NATO leaders balk at Russia’s threat to nuke warships

Britain’s defense secretary says NATO members Romania and Britain will not be intimidated by threats against members of the military alliance.

“Neither Romania nor Britain will be intimidated by threats to its alliance or its members,” Defense Secretary Michael Fallon said Monday during a one-day visit.

His remarks came days after Russia’s ambassador to Denmark, Mikhail Vanin, said in a published report that Danish warships could become targets for Russian nuclear missiles if the Danes join the alliance’s missile defense system. Bases are planned in the southern Romanian town of Deveselu and in Poland.

“I do not think Danes fully understand the consequences of what happens if Denmark joins the U.S.-led missile defense. If this happens, Danish warships become targets for Russian nuclear missiles,” Vanin was quoted as saying by the newspaper Jyllands-Posten on Saturday.

Should Danes join “we risk considering each other as enemies,” he added.

Vanin’s comments prompted an angry response from Danish Foreign Minister Martin Lidegaard, who said they were “unacceptable” and that Vanin had “crossed the line” by saying that “everyone who joins” the shield “in the future will be a target for Russian ballistic missiles.”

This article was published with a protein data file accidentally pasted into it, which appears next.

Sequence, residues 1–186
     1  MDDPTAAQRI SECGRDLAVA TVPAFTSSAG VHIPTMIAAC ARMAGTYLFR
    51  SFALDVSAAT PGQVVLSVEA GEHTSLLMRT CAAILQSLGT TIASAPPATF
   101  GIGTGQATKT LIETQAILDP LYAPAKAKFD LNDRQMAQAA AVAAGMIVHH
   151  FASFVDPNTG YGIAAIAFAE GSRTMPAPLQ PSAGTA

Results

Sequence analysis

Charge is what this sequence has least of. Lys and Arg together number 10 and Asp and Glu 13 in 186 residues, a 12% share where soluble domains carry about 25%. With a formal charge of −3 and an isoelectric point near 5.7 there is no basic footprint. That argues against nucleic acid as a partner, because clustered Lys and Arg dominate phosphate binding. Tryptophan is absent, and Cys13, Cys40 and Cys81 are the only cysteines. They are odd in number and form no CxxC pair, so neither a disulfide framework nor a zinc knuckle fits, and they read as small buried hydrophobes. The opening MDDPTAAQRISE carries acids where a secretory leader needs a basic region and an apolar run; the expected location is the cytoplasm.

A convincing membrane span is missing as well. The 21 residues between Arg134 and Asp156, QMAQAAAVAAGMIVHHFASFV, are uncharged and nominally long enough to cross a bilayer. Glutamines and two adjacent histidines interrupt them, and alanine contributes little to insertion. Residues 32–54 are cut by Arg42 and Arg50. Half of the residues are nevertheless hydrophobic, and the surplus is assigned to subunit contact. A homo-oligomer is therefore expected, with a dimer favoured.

However, Lidegaard added that “it is important that the tone between us doesn’t escalate.”

“It never has and never had anything to do with Russia,” Lidegaard said about the missile shield, saying the defense system was aimed at protecting against rogue states or terrorist organizations, among others.

U.S. Ambassador to Denmark Rufus Gifford wrote on Twitter Saturday that Vanin’s comments “do not inspire confidence” or contribute to peace and stability.

East-West relations have worsened dramatically in the past year amid bitter tensions over Ukraine.

In August, Denmark agreed to contribute to NATO’s shield with at least one frigate with advanced radar capacity.

Fallon said Britain would send one of its newest destroyers to the Black Sea port of Constanta in the fall. “We share Romania’s concern about threats to security on the Black Sea region.”

NATO decided in January to set up command-and-control centers in Latvia, Estonia, Lithuania, Poland, Romania and Bulgaria by the end of 2016 in response to challenges from Russia and Islamic extremists and to reassure eastern partners.

Romania will also host a multinational division headquarters for the southeast and Poland will have a similar one for the northeast. In an emergency, the centers would help speed up the arrival of the new quick-reaction force.

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